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The Creepy Crawler Within

A 13-year-old West African boy confounds American doctors with health complaints that don’t add up.

By Claire Panosian Dunavan
Jul 19, 2018 8:46 PMNov 15, 2019 3:50 PM
Johnny Lye/Shutterstock


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By the time he reached Los Angeles, Landry was scared, dazed and exhausted. Flying for the first time in his life, the 13-year-old from Cameroon was now some 8,200 miles from all things familiar.

Landry, whose parents had recently died in a car crash, came to LA to live with his legal guardian. Although Aunt Delphine welcomed him warmly, Landry’s first night in America was restless. His left ankle was puffy and warm.

He settled in to his new environment, attending school and studying English while speaking French and Cameroonian pidgin at home. He played soccer and watched YouTube videos on his cellphone. But his ankle and lower leg continued to swell on occasion.

“In the hospital where I work,” Delphine, a certified nursing assistant, told Landry, “elderly people can have blood clots that make their limbs swell. But in someone your age, that doesn’t make sense. The next time this funny thing happens, please tell me tout suite, and I’ll take you to a clinic.”

Sure enough, Landry’s symptoms returned, and Delphine cajoled a local doctor into ordering an MRI of her nephew’s leg. But the swelling was gone by the time the scan was performed.

The doctor shrugged. He wasn’t convinced that Landry’s swelling was real. Plus, the boy’s remark about something under his skin sounded downright bizarre. Was Landry suffering from depression? Grief? Culture shock?

Creepy Crawler

A week later, Delphine asked the clinic to perform a routine blood test to rule out an elevated white blood cell count, which might suggest an infection. The result was so surprising, the lab called back the next day.

Although Landry’s total white count was fine, his array of cells was not. Instead of the usual distribution, more than 60 percent were eosinophils, a type of white blood cell that normally lives in tissue rather than blood. Although scientists still don’t fully understand how eosinophils help sustain health, in certain diseases they surge, spill into blood and release toxic proteins.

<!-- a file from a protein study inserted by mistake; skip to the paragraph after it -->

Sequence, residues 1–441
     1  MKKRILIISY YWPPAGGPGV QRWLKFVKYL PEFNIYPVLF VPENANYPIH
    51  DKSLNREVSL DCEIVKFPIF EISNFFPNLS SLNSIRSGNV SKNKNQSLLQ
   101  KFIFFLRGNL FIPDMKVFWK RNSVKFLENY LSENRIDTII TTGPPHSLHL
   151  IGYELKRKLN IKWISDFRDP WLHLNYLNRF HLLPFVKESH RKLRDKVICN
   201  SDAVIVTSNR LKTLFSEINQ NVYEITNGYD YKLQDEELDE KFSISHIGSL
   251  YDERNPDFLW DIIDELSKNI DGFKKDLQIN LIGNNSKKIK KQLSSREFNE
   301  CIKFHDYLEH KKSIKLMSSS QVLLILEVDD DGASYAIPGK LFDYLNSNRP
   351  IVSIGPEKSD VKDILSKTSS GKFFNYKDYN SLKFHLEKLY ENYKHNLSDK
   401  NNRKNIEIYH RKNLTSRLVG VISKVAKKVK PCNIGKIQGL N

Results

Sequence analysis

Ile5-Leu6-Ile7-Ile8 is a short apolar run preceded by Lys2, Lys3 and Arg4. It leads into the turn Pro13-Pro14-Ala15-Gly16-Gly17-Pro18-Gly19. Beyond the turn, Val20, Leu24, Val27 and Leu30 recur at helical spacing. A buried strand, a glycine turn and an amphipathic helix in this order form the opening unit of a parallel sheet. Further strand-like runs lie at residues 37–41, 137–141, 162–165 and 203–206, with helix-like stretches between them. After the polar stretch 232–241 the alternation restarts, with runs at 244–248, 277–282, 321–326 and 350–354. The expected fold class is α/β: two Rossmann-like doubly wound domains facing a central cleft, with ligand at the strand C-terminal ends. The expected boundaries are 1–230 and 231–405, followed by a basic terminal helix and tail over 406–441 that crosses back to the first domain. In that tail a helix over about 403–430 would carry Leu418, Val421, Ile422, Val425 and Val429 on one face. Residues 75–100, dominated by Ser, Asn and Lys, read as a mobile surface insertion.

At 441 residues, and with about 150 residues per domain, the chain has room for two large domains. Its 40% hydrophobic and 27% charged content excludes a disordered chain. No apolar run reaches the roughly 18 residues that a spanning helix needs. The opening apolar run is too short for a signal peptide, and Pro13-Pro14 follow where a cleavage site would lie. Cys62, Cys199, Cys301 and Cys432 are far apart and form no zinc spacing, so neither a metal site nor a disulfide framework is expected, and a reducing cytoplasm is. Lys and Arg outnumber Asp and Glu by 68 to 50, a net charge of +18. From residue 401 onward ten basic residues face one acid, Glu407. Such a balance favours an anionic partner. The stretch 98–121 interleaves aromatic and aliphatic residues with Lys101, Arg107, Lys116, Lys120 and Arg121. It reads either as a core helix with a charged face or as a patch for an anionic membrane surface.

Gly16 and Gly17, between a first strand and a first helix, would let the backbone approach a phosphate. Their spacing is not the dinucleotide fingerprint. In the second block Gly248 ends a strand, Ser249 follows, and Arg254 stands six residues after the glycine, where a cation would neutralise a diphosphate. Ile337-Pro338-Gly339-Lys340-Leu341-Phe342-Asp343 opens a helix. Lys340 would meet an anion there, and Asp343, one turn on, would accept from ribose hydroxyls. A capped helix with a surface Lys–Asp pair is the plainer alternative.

Once inside a human, the worm sometimes crosses the eyeball. | Lichtinger et al./The American Journal of Tropical Medicine and Hygiene, Feb. 4, 2011

Doctors must consider many diagnoses for people with excess eosinophils. In a small percentage of patients, cancer, leukemia or a rare inflammatory disease may drive bone marrow to overproduce this type of cells. A far more common cause is an allergy to a pollen, chemical or drug. But even when suffering an allergic crisis, people normally don’t have Landry’s elevated level of eosinophils.

Another possibility is a parasite, a broad category of infectious agents that are commonly transmitted in the tropics, including in Cameroon. Of all the parasites that trigger a massive outflow of eosinophils, migrating worms — literally worms that travel through blood, tissues and organs — top the list.

Could one of these multicellular creatures and its offspring reside within Landry? And if so, what type? Dr. Kadesadayurat, a local pediatrician treating the teen, reached out to me for advice.

“What are we missing?” she asked. “What test should we run next?”

She had already excluded several tropical worms, including common gut parasites such as hookworm and roundworm; an intestinal invader known as Strongyloides; and Schistosoma, a leaf-shaped parasitic flatworm acquired by contact with water fouled by human waste.